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The Changing Face of a Successful Free-to-Play Mobile Game: Q+A with Will Luton

chartboost blog QA

Will Luton knows what makes a free-to-play mobile gaFree-to-Play- Making Money From Games You Give Awayme tick. Afterall, Luton is the author of Free-to-Play: Making Money From Games You Give Away. Released in 2013, the topic of his book was just becoming part of the mobile game vernacular. Fast-forward a few years and Luton’s ideas are on the tip of every industry insider’s tongue.

Today, most mobile games have been designed with systems that let developers entice and monetize new players with the promise of “free”. Still, free-to-play is a market and a monetization strategy that is continually changing. As a student of the topic, Luton has some ideas on what’s changed in the last few years, what’s still viable from his 2013 studies and where the market is headed.

On analytics…then and now:

“We’ve moved away from looking so closely at analytics,” says Luton, “and more towards interpreting our players and the game itself.”

Things like A/B or multi-variate testing are less of a focus now than it was in the past, Luton adds. Free-to-play games rely more on interpretation of player data and game mechanics—especially among smaller studios.

If devs still do this kind of testing, they’ll focus on the bigger things, like icons, rather than in-game button placement (something Luton encouraged in his original book).

What’s more interesting is the growing trend of creating quality from watching players play the game and figuring out what gameplay tweaks can be made to help them get the most out of their time in the game.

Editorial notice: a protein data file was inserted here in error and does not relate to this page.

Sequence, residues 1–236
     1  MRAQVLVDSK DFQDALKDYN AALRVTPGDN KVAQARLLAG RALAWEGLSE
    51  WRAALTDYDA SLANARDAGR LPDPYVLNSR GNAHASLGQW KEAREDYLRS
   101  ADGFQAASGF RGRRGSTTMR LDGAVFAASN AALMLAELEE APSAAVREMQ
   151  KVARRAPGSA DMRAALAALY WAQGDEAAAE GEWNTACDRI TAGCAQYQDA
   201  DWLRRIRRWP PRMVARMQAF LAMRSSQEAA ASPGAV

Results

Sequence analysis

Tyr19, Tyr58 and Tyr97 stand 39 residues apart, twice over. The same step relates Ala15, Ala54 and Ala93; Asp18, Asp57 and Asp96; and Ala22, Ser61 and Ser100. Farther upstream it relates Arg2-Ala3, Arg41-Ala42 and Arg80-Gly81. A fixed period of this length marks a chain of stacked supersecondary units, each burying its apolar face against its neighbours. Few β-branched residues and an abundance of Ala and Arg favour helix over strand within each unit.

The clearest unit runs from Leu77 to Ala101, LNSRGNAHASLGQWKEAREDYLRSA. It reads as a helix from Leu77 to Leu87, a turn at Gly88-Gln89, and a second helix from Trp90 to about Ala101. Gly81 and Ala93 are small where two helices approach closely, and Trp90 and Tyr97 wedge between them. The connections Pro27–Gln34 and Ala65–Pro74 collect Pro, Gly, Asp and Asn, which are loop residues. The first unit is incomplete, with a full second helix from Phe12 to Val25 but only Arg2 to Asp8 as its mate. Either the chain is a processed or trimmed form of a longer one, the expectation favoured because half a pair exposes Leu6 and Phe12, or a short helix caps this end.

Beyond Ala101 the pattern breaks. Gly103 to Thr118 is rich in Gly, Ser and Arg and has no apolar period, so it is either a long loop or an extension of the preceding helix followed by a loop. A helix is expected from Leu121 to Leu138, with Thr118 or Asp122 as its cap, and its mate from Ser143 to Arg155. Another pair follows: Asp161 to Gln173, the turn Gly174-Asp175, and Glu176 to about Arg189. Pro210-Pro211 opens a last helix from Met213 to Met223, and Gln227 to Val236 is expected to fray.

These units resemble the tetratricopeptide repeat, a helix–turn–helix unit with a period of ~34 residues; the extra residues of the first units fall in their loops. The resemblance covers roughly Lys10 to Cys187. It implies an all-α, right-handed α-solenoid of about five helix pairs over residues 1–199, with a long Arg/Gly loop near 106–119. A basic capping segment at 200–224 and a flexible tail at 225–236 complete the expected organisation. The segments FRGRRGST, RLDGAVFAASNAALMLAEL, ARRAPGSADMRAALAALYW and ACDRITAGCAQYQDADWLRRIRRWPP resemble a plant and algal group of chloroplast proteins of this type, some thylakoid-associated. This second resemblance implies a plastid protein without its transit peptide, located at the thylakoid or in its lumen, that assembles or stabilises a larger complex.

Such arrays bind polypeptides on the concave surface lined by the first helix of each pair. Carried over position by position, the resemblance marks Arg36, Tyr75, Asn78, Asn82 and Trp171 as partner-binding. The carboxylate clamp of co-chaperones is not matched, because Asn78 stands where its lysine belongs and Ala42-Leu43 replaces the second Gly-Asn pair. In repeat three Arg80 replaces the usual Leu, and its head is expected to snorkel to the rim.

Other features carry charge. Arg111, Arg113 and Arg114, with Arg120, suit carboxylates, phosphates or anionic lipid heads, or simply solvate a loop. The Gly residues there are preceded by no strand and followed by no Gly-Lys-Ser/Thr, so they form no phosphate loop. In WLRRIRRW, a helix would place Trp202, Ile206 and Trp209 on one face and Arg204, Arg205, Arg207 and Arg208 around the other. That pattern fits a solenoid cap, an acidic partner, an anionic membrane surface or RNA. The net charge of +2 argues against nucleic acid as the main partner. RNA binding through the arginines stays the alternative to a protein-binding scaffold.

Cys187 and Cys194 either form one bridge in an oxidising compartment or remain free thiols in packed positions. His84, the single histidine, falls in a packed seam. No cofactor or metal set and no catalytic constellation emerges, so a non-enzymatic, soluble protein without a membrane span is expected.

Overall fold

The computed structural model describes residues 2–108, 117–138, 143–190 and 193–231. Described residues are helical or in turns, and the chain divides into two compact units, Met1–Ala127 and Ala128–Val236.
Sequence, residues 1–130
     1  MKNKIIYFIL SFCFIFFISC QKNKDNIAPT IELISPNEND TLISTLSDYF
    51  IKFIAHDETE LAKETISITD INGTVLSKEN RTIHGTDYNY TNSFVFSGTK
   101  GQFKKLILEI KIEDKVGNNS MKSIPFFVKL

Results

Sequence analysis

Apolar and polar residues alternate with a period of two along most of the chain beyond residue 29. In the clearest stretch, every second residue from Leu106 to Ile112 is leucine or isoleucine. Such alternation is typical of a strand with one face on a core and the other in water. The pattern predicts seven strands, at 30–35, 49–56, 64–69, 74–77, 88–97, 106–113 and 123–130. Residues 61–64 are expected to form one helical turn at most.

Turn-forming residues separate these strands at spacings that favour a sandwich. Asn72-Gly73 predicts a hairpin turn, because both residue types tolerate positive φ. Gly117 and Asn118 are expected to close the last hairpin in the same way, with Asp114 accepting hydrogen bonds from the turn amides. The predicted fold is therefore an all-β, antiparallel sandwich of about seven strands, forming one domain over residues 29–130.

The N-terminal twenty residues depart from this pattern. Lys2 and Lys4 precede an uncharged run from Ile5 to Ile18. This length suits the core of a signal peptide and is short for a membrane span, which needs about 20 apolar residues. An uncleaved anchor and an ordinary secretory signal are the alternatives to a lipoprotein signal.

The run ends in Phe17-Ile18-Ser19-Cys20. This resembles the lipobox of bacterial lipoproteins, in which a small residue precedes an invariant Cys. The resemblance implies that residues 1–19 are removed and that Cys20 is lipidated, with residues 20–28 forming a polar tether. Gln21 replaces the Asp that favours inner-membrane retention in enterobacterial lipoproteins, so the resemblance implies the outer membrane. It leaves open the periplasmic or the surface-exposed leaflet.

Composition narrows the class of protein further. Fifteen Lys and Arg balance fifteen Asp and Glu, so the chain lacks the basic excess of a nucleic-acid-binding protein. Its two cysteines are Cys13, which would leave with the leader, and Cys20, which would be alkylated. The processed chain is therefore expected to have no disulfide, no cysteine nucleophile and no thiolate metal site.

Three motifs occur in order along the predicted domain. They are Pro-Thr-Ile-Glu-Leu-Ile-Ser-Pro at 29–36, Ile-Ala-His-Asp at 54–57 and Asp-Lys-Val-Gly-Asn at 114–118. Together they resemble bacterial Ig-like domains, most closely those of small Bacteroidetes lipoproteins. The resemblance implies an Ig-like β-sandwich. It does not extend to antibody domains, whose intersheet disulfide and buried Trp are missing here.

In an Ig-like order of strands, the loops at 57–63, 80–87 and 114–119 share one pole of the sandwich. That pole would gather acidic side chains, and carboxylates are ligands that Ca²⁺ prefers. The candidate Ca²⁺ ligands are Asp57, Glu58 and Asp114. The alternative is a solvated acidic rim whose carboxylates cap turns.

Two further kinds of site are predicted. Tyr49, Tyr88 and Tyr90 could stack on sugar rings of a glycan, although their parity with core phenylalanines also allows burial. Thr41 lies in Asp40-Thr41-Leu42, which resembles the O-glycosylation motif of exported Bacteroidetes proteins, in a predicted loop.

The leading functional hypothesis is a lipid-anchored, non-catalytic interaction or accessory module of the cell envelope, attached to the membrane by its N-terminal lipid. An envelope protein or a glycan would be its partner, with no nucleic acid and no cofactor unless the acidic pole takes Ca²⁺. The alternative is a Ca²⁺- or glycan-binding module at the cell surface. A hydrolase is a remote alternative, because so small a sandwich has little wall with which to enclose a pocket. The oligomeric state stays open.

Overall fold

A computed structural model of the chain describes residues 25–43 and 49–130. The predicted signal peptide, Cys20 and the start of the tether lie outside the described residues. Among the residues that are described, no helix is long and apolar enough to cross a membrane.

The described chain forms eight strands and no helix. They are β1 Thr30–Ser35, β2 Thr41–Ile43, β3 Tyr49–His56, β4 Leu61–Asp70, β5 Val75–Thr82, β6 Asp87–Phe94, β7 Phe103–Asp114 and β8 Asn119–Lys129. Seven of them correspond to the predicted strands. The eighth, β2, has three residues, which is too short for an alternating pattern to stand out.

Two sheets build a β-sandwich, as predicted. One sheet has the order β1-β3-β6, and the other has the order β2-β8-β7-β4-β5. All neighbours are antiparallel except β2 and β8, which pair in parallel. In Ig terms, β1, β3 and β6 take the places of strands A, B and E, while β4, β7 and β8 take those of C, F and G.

The things that really make devs money, like increasing retention, are more likely to be big, systematic changes in the game rather than tweaks to, say, buttons.

On the rise of non-casuals:

There’s been a marked shift in the types of free-to-play games that are popular. More casual titles like Bejeweled and Farmville are being passed up for more mid-core types of games like Clash of Clans, Dominations and Game of War.

dominations

“These [mid-core] games are extremely complex,” says Luton, “with features that have deep retention like crafting systems, equipment upgrade systems and research systems.”

These elements are going to increase monetization much more than, as previously stated, the color of buttons. Players who feel invested in a game’s systems are much more likely to come back and become paying players, Luton adds.

On facilitating spending:

“It seems kind of obvious, but developers miss it all the time: You need to have the content available for your players to purchase,” Luton says.

Take a cue from Magic: The Gathering, the real-life collectible card game. Magic players, Luton says, don’t blink at spending two to three thousand dollars per year on items in the game because the makers of Magic provide plenty of options when it comes time to buy.

Image via theodysseyonline

Image via theodysseyonline

Translated into the digital world, any successful free-to-play game must include more than simple aesthetic choices or ad removal purchases.

“Building a game that becomes a part of the player’s life,” says Luton, “and then allows them to spend on things they really love, will be what allows [devs] to drive large amounts of revenue.”